Oamaru teacher Sonya Hull has returned from a three-week trip to Israel, bringing back invaluable knowledge she plans to pass on to her pupils.
In December, the Waitaki Girls’ High School history, social studies and tourism teacher travelled to the Middle Eastern country on a scholarship. It was awarded through the Holocaust Centre of New Zealand in Wellington to further her professional development at the Yad Vashem in Jerusalem, the International School of Holocaust Studies.
During her time in the country she visited several sites of historical and religious significance, such as the Damascus Gate, Sea of Galilee and the Wailing Wall.
She also attended lectures by academics from the University of Tel Aviv, Yad Vashem and the United States, and met people who lived through persecution at the hands of the Nazis during World War 2.
Ms Hull said she felt “privileged and humbled” by the experience.
“It was life-changing in many ways. We had 115 hours of lectures in three weeks, so most days were 16-hour days. But, every day was exciting and I learned so much .. but I still fell like I’ve only scratched the surface – it’s a massive field.”
Her most moving experience was when she spent time with a Holocaust survivor saved by Oskar Schindler, a German industrialist, spy and Nazi Party member who is credited with saving the lives of 1200 Jews by employing them in his enamelware and ammunitions factories.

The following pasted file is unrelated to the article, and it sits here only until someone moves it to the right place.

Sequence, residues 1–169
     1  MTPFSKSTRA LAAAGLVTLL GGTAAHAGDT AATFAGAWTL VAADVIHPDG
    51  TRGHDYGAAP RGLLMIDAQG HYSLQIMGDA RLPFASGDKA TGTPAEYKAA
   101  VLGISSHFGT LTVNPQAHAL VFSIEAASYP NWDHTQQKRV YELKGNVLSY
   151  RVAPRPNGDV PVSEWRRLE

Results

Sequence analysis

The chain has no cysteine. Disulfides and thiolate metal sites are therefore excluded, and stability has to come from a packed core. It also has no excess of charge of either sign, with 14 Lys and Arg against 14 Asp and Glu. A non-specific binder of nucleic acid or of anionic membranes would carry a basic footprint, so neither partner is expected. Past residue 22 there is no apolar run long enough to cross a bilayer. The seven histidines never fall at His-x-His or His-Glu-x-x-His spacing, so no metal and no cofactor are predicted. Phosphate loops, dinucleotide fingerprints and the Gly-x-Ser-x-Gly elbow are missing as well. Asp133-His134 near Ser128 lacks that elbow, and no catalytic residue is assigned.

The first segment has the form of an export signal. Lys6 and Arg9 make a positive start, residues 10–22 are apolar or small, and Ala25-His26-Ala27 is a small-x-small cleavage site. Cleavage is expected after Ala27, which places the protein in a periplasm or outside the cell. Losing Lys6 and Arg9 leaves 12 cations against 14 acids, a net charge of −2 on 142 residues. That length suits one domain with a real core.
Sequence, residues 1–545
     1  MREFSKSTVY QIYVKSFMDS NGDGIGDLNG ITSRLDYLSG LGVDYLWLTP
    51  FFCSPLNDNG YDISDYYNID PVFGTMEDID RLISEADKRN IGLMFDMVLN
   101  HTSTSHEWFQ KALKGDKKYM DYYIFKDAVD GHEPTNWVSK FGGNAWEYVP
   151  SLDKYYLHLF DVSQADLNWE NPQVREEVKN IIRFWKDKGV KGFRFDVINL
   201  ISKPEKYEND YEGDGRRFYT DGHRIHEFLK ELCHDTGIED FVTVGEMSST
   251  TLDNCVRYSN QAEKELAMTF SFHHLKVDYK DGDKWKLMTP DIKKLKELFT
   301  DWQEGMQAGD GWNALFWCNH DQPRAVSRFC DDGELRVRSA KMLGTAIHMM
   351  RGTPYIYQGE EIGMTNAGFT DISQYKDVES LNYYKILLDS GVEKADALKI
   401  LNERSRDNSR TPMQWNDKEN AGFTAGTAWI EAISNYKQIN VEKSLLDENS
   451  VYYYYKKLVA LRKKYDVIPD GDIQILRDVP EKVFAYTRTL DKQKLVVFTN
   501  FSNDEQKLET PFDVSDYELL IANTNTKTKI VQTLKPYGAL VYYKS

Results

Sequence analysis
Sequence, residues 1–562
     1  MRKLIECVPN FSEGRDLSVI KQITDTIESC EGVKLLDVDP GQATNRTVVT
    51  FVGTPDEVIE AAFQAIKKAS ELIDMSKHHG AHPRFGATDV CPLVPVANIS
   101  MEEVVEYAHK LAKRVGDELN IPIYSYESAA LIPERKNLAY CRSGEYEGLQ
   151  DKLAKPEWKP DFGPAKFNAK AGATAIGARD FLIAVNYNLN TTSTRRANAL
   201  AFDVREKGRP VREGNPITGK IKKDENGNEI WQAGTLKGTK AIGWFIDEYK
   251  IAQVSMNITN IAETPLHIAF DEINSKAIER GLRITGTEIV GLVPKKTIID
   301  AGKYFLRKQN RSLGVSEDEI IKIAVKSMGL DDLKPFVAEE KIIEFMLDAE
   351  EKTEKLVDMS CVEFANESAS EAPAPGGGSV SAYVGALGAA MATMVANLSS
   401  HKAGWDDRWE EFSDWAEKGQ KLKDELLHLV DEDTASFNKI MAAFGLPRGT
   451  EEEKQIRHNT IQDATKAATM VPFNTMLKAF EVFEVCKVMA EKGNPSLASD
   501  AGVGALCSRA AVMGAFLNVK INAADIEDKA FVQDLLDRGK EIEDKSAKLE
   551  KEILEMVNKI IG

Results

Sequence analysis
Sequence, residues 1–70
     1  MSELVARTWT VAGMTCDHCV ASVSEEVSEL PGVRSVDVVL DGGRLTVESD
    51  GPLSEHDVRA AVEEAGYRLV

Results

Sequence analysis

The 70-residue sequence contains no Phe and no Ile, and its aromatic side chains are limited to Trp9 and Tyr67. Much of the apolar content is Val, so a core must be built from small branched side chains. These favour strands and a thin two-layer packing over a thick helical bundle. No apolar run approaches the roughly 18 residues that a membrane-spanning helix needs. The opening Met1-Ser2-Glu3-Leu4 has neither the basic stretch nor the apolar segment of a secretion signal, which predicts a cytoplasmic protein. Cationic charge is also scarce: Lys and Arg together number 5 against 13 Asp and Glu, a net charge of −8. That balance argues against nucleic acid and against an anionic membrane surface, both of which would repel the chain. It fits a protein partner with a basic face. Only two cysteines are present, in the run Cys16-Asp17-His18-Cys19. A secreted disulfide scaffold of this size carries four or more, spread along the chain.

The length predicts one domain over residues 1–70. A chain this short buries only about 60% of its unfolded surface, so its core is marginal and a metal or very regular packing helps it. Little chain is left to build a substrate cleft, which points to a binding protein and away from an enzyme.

“We met her at his grave. We had two hours with her, we sat in a room with her and listened to her story. That was probably the most harrowing day. We had half a day with two other survivors, too. It was very, very hard to hear their stories. What I came out from that with was their love and pride for Israel, and also their resilience.”
In addition to being educational, Ms Hull found her time in Jerusalem changed how she viewed Israel’s capital city, especially religion, where the three main denominations are Christianity, Judaism and Islam.
“The things you hear in the media are probably not how I perceived Jerusalem. They really do live among one another. It’s the fundamentalists and extremists you hear about on the news that’s the issue. I found it a vibrant and cohesive city, really – I felt very safe there and I had no concerns. You get used to seeing men and women with AK47s on their hips.”
Hull purchased educational material available only at the school to use in the classroom.
“I’m going to teach the Holocaust in year 13 history and some of the early stuff, like the removal of human rights in the early stages (of the Nazi regime) and the placing of Jews in ghettos, that could easily be slipped into a year 10 social studies class.”
Ms Hull planned to return to Israel in the future.
“I’d go back tomorrow.”